The clinical features of phaeochromocytoma are notoriously varied, hence the coined pseudonym of the "great mimic". Presenting features include episodic hypertension, headaches, anxiety, palpitations and tachycardia. Phaeochromocytoma presenting as cardiogenic shock is a recognised but uncommon event (1-4).
Phaeochromocytoma in the setting of pregnancy presents both a diagnostic and therapeutic challenge and poses a significant threat to maternal and fetal welfare. There are over 200 reported such cases in the literature (5). The time of diagnosis is the crucial determinant of maternal and fetal outcome. In a review of 42 cases, Harper et al (5) concluded an overall maternal mortality of 17% and fetal loss of 26%. When the phaeochromocytoma was diagnosed antenatally, maternal mortality was less than 1% and fetal demise 15%. However, in that series only 26% of phaeochromocytomas were diagnosed in this antenatal period. In an earlier series, Ellison et all reported that, if undiagnosed, the maternal and fetal mortality exceeded 50%. When diagnosed prior to delivery, maternal mortality was 40% and fetal mortality 10%.
Diagnosis in pregnancy is a clinical challenge. The usual finding of hypertension lends to the more common diagnosis of preeclampsia. Headache, agitation and anxiety often complicate the antepartum period and labour, and may be benign in nature or indicative of intracerebral pathology. Cardiovascular collapse may further complicate the diagnostic milieu, adding possible thromboembolic events. To add to the challenge further, the literature suggests that mortality is greater in post partum clinical presentations (5, 7).
The presumptive diagnosis of pre-eclampsia is a common finding in a review of the literature, with the importance of differentiating phaeochromocytoma being the difference in definitive management and haemodynamic effects of the two conditions. Preeclampsia is associated with proteinuria and hypertension, usually occurring after the 20th week of gestation, while phaeochromocytoma is rarely associated with proteinuria and may cause hypertension throughout pregnancy (8). In our case the extreme hypertension (systolic BP exceeding 200 mmHg at times), in the setting of relatively minor proteinuria, should have questioned the diagnosis of pre-eclampsia.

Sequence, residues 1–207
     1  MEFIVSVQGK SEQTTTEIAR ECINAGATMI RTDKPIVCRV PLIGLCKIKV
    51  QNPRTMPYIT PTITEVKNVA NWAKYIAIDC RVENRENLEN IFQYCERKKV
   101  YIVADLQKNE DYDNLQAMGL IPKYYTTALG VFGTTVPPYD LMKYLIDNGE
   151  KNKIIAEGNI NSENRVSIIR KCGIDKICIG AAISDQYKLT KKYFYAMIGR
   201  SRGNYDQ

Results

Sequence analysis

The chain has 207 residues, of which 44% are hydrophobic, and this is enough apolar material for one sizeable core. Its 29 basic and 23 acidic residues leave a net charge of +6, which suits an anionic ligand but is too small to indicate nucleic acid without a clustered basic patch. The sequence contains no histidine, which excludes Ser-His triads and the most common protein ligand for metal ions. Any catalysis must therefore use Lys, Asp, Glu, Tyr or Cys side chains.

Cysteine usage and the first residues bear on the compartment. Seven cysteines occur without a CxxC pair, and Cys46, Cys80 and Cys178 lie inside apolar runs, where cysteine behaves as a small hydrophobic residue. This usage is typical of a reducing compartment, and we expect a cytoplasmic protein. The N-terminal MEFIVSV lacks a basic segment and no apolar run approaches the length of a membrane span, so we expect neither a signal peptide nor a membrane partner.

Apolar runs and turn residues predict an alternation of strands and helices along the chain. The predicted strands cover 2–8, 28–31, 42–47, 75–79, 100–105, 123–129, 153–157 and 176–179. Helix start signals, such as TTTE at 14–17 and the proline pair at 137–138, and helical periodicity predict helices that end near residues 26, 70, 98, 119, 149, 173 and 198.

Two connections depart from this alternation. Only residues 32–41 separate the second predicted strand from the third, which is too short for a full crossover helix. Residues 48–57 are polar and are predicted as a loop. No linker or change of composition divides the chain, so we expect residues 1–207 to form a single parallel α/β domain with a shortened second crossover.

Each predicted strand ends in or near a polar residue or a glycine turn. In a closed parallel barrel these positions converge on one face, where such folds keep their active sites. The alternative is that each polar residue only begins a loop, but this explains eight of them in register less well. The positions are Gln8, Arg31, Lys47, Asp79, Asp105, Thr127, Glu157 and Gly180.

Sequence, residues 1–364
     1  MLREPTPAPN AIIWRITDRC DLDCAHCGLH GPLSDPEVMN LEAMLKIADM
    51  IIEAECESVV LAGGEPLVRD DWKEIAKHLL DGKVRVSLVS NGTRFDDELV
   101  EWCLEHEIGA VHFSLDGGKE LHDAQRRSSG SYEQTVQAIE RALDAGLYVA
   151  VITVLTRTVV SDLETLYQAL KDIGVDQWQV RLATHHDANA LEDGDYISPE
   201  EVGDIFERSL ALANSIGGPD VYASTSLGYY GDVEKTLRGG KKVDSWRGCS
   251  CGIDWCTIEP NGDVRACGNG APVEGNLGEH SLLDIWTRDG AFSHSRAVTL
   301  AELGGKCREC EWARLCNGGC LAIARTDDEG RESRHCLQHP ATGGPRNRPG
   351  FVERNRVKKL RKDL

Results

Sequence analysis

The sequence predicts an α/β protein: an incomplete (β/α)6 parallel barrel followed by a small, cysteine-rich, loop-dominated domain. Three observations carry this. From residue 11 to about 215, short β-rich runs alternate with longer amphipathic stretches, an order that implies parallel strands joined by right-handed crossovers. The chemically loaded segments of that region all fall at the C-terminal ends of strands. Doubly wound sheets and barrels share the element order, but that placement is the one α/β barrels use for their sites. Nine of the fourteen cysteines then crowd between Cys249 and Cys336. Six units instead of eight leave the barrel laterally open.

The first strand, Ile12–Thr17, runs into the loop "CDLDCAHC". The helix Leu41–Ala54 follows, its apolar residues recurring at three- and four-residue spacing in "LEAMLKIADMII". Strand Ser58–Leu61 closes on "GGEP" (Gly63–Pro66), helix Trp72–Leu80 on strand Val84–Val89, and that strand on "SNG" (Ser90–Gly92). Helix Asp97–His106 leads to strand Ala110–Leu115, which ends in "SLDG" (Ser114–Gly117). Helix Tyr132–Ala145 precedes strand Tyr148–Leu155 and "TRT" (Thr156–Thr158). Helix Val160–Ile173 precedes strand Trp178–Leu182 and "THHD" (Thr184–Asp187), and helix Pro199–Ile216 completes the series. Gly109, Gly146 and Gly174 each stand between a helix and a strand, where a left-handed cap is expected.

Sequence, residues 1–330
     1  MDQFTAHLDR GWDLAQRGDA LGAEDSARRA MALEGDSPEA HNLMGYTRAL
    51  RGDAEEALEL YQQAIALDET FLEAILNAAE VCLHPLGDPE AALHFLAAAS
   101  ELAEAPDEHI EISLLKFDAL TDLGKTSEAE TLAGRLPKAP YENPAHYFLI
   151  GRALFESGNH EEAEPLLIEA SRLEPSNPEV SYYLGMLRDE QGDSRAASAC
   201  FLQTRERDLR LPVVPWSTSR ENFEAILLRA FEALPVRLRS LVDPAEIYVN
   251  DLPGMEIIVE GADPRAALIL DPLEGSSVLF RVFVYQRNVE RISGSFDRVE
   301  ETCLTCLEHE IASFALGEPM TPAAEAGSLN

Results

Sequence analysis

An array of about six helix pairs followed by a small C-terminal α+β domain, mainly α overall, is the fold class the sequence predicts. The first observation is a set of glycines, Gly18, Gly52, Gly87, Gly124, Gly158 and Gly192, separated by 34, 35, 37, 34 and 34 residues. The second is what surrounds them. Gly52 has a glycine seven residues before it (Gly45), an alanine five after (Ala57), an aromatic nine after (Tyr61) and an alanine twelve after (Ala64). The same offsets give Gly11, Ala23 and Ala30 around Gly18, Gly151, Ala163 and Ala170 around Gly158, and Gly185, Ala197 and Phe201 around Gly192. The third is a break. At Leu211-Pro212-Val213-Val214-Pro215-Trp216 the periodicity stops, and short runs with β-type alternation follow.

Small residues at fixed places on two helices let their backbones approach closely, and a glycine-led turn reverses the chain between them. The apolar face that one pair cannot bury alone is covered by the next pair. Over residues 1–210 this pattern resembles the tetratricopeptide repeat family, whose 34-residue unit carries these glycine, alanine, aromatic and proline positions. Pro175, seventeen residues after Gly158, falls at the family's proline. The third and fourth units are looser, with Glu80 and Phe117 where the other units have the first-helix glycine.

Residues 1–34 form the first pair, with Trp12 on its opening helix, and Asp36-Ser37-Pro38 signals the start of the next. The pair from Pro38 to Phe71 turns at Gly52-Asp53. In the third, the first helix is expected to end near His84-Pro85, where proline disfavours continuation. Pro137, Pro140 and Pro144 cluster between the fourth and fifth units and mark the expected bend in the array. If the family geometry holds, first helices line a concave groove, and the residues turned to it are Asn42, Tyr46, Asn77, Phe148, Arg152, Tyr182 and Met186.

Lau et al reviewed three cases of phaeochromocytoma occurring in pregnancy and suggested that the diagnosis be considered in any pregnant woman with severe hypertension, particularly if presenting before 20 weeks gestation and associated with sweating, palpitations, headaches or a labile blood pressure (9). In retrospect, the fluctuations in blood pressure recordings during our patient's antenatal course were indicative of a phaeochromocytoma, the diagnosis being supported by the relative lack of proteinuria, despite severe hypertension, as well as significant anxiety and a sensation of impending doom. Bullough et al (10) described a similar case of post caesarean section pulmonary oedema with frothy secretions and labile blood pressure secondary to an undiagnosed phaeochromocytoma. In this case the diagnosis of pre-eclampsia was questioned due to the lack of oedema and significant proteinuria.
The traditional approach to the management of phaeochromocytoma is [alpha]-adrenergic blockade, followed by [beta]-blockade and definitive surgical resection. Controversy exists about management when diagnosed in the antepartum period (11). In the first trimester, management is difficult. A long-term medical approach confers significant risk to mother and child, whereas surgical resection after stabilisation is associated with 80% fetal loss (9). Schenker et al (11) advise that after the 24th week, the pregnancy should be allowed to continue under adequate adrenergic blockade until fetal maturity is achieved. Several case reports have described successful caesarean section and excision of tumour simultaneously at term, with favourable outcomes for mother and child.
Surges in catecholamine release may result in fatal hypertensive crises. In pregnancy such surges may be precipitated by induction of general anaesthesia, vaginal delivery, myometrial contractions, mechanical effects of the uterus or vigorous fetal movements. In our patient, induction of anaesthesia precipitated acute pulmonary oedema secondary to acute left ventricular failure. Left ventricular dysfunction secondary to chronic catecholamine exposure is a well-reported pathophysiological process. Cermakova et al (13) described a patient who developed severe acute pulmonary oedema and fluctuating BP three hours post partum. The clinical picture was that of hypotension and cardiac failure. Post mortem examination revealed a phaeochromocytoma as the cause of her demise. The decision to use alpha blockade in the management of phaeochromocytoma is a difficult one in the setting of haemodynamic instability and cardiac failure requiring adrenaline infusion. In a recent report, five of six patients with phaeochromocytoma who developed pulmonary oedema died within 24 hours of the acute event (14). The precise pathogenesis of catecholamine-induced myocardial dysfunction is not fully elucidated. It has been suggested that calcium-induced myocyte injury occurs due to increased trans-sarcolemmal calcium flux, leading to myocardial necrosis. Others suggest a role of [alpha]-adrenergic-mediated coronary vasoconstriction causing myocarditis (1, 15). Given the poorly understood pathophysiology and the wide variety of haemodynamic responses, management protocols vary accordingly.